South Bronx adolescents don't feel safe at home

November 14, 1999

Almost half (46 percent) of the young people in the South Bronx say they don't feel safe in the building where they live, new research shows.

Interviewed by public health and urban violence professionals, 23 percent of the adolescents reported they had been beaten up, 10 percent stabbed, and eight percent shot. In addition, many of the youths had witnessed violent acts; 60 percent had witnessed someone being beaten up, 25 percent someone being stabbed, and 23 percent someone being shot. However, many of the respondents also reported that they took action to reduce the violence, such as helping friends to resolve conflicts peacefully, avoiding dangerous places, and seeking protection from friends.

The street survey of 169 adolescents is part of a new study seeking to integrate young people's perceptions of violence into violence prevention programs in the South Bronx and other urban areas in America. The scientists from Hunter College, City University of New York, University of Illinois, Youth Force, Bronx, New York, and University of Medicine and Dentistry of New Jersey report their findings in the December issue of Health Education & Behavior.

"Violence prevention programs need to address the real threats that young people experience, not those imagined by adults," said Nicholas Freudenberg, DrPh, head of the study. "Our focus groups identified many of these real threats including family abuse or neglect, youth programs that fail to provide the skills needed to avoid violence, mass media that portrays non-white young men as the enemy, and police attitudes that make victims reluctant to report crime."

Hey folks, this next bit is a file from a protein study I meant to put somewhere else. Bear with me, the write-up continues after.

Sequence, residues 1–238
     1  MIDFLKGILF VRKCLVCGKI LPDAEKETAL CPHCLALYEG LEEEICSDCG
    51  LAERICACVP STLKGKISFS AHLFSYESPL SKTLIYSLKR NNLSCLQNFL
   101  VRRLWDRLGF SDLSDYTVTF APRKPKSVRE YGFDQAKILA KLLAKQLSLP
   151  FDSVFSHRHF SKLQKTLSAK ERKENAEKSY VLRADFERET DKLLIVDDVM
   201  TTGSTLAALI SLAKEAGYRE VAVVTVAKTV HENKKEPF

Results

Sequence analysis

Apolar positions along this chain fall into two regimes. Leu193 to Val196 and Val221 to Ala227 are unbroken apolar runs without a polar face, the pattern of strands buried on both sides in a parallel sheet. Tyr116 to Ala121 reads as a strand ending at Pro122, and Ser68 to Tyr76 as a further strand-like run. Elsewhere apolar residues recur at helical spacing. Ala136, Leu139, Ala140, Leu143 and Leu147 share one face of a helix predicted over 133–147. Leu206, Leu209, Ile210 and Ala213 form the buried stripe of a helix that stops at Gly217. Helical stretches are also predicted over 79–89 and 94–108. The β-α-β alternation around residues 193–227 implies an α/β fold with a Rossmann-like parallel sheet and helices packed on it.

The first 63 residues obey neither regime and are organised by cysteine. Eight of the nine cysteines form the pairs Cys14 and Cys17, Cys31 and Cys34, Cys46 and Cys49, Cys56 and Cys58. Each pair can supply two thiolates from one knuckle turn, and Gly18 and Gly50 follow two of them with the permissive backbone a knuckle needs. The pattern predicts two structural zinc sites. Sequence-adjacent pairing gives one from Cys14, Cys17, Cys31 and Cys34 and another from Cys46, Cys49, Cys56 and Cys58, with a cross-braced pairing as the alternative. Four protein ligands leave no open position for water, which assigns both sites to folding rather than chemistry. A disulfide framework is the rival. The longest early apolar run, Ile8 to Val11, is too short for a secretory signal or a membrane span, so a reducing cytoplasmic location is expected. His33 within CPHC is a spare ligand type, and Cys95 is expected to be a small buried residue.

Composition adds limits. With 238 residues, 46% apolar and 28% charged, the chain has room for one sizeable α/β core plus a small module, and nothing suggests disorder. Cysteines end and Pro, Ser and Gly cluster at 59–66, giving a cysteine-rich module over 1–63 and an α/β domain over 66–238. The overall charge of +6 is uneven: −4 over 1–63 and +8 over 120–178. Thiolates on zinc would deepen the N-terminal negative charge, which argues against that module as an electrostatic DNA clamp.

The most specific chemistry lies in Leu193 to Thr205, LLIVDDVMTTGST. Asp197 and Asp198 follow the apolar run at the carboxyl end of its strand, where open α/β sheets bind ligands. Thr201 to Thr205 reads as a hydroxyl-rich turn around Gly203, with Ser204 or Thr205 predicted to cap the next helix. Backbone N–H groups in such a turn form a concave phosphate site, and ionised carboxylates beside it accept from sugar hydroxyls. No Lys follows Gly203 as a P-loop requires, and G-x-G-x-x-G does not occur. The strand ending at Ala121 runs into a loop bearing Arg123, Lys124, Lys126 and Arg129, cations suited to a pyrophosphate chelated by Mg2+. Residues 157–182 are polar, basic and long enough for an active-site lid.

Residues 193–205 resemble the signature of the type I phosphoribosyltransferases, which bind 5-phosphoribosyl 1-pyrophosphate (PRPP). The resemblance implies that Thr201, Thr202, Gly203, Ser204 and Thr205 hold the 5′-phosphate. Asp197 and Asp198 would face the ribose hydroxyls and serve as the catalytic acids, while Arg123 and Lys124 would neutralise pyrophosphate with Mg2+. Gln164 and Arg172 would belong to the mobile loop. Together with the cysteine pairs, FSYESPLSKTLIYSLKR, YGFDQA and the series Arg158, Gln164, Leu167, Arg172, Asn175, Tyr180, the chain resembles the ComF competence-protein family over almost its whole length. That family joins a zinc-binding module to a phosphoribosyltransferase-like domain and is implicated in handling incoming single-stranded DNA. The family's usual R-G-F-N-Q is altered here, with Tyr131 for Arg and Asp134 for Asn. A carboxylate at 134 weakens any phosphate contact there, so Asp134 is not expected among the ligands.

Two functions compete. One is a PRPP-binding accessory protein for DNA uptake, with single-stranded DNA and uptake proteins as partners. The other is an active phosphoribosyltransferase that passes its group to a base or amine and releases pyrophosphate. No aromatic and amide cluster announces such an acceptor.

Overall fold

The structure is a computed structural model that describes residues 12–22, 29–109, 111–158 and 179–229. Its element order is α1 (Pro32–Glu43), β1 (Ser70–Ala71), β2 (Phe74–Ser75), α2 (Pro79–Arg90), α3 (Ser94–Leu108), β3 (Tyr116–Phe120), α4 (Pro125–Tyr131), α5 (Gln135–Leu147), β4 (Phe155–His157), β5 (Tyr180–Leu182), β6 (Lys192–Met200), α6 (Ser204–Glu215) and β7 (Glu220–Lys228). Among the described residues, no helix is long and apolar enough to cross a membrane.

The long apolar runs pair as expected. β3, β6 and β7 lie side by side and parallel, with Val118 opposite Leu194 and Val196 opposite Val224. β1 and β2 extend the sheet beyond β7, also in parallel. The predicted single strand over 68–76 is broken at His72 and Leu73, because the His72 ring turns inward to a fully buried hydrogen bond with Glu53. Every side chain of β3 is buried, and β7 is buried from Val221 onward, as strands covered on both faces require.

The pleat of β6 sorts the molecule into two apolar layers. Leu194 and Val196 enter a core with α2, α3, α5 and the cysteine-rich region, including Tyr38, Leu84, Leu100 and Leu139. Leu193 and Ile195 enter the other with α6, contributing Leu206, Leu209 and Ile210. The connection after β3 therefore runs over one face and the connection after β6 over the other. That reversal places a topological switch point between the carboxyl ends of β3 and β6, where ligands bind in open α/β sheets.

The researchers did not find significant differences between young men and women in rates of exposure to violence. Young women were asked in focus groups to speculate why there wasn¹t a difference. They felt that women may have become more aggressive in recent years. "We are stronger and don't take ---- from anyone," one young woman said, but as a result "we get in more trouble now."

Intimate relationships also play into the violence scenario brought out in focus groups. Young women said men hold most of the power in the relationships, men determine the relationship's nature and length, and this leads to women's feelings of vulnerability to violence.

"We need to develop interventions that address both the gender-specific and shared needs of young men and women, seek out the causes and consequences of different forms of violence, and address each adequately," said Freudenberg.

Compared to New York City as a whole, the South Bronx has more than twice the rate of poverty, a greater proportion of adolescents, and higher rates of health problems such as infant mortality, low birth weight, and births to teenagers. Its homicide rates are two to three times that of New York City as a whole. With a population of 470,000, it contains the poorest Congressional district in the United States.

The study was supported in part by funding from the U.S. Department of Housing and Urban Development and the Robert Wood Johnson Foundation.
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Health Education & Behavior, a bimonthly peer-reviewed journal of the Society for Public Health Education (SOPHE), publishes research on critical health issues for professionals in the implementation and administration of public health information programs. SOPHE is an international, non-profit professional organization that promotes the health of all people through education. For information about the journal, contact Elaine Auld at 202-408-9804.

Posted by the Center for the Advancement of Health http://www.cfah.org. For information about the Center, call Petrina Chong, pchong@cfah.org 202-387-2829.

Center for Advancing Health

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